Known For: Award Winning Freelance Science Writer and Author of âRobo-Motion: Robots that Move Like Animalsâ and Minecraft Books with STEM and Coding Sidebars
For starters: Her first major publication was in Highlights, a children’s magazine, on the use of DNA to count grizzly bears.
Education: Graduated from Eastern Connecticut State University.
Q: When did you think, âOh, I’m going to write a book? “
A: In high school or college, I wrote poetry. I thought they were so good that I sent at least one to Hallmark and got a refusal. I remember taking this, crumbling it and throwing it in the trash. It was the end of my writing for me. I had finished.
I don’t know what made me start over. It was around 1998 and I wrote a math and crafts book which I bought everywhere. An editor told me, âWe just bought something like this. This is pretty much the only response I got, which is pretty typical. This manuscript went to a corner and I didn’t get back to writing for a long time. I put a lot of effort into it and it didn’t work.
A: I was planning a Boy Scout event with my friend Daryl-Lynn Gottier – she’s a writer friend of mine – in Vernon, and we were on the phone and one of us was like, âWhat are you doing? We hit it off because I had a manuscript and she wanted to write. We started to get together and formed a small writing group. It was in 2000 when we started to meet.
Q: Where did the idea for âRobo-Motionâ come from?
A: âMuseâ, for 9-14 year olds. It’s a science magazine. It’s a nice magazine with themes. The theme I was writing for was âthinking robotsâ. It interested me simply because I have a background in technology. I was a computer programmer. I was a systems designer. I was a consultant, so technology really interests me.
You must pitch your article. I did some research and found these robots to be really fascinating. There wereâ¦ a whole bunch of animal robots that I noticed. I kept a list of them as I went along because I didn’t know which one I wanted to write about. This list became the nuts and bolts of the book. I presented the article and in March 2017, âReaching Like Roachesâ was published. I chose the roach because I thought it was interesting the way they did the research. They were blowing on the back of the cockroach and it was going into those acrylic tunnels and they were making it narrower and tighter and they were watching how the shell was compressing.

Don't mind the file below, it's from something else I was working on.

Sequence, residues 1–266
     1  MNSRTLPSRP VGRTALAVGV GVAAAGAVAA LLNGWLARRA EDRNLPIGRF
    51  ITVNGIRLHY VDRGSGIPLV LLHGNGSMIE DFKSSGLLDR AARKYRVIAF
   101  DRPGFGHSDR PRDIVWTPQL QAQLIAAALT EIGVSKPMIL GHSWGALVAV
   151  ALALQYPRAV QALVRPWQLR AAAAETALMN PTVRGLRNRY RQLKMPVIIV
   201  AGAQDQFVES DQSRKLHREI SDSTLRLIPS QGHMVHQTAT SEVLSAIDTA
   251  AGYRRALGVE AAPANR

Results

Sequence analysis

They made this CRAM robot (Compressible Robot with Articulated Mechanisms). The idea behind CRAM is that in something like earthquake rubble, cockroaches can move quickly in tight spaces. They thought, âIf we could do this with a robot, maybe we could find survivors in the rubble of the earthquake much faster than us. The robot put to good use. It was scary and the research was interesting. It was also a little different. If you choose something mainstream that’s all over the media, they might say it’s not unusual enough to want your pitch.
Q: How did the article become the book?
A: I had a whole list of robots. I thought of different structures. I thought, “Maybe I’ll do a primer, but which robot and animal starts with X and Q?” You are really looking for something. Then I thought, âHow about a counting book? It just didn’t do it for me.
I realized that animals are things of interest to children. Robots are also topics of interest to children. I looked for a way to connect them. I found a very long wordy line and finally collapsed it and this is the main text of the book. It came very quickly for me. It was maybe a maximum of three months. I think I spent more time thinking about how to do this, but once I got that first line it really evolved. I have thought about all the action verbs. It is filled with action verbs.
I think it’s fascinating, the robots that they have there, and they move around in different ways.
Q: What age is the book for?
A: According to the publisher’s catalog, it’s kindergarten to grade three. The publisher is Millbrook Press, which is a division of Lerner Publishing. The book is available in bookstores, it is on Amazon, Barnes and Noble. You can get it from Lerner Publishing Group.
Q: How was the reception?
A: Very well. I was lucky. Kirkus gave it a star review. The Horn Book recommended it. It has also been reviewed in Archimedes Notebook.
Q: Did that inspire you to do another one?
A: I am in the process of making another one.
Q: Can you disclose what this is about?
A: I have a lot of manuscripts, and 90-95% are STEM in one way or another. One is a graphic novel with a STEM background. Many of them are purely non-fiction.
Q: What is your future?
A: More of the same. One of the areas I really want to focus on is writing for adult magazines.
I ran an article earlier this year on the eyes of the submarine. It was for an online physics magazine. It was really interesting to see how the periscope evolved. It’s no longer a periscope, they use a photonic mast. Virginia class submarines now have these high tech things.
Note: This conversation has been edited for clarity and length.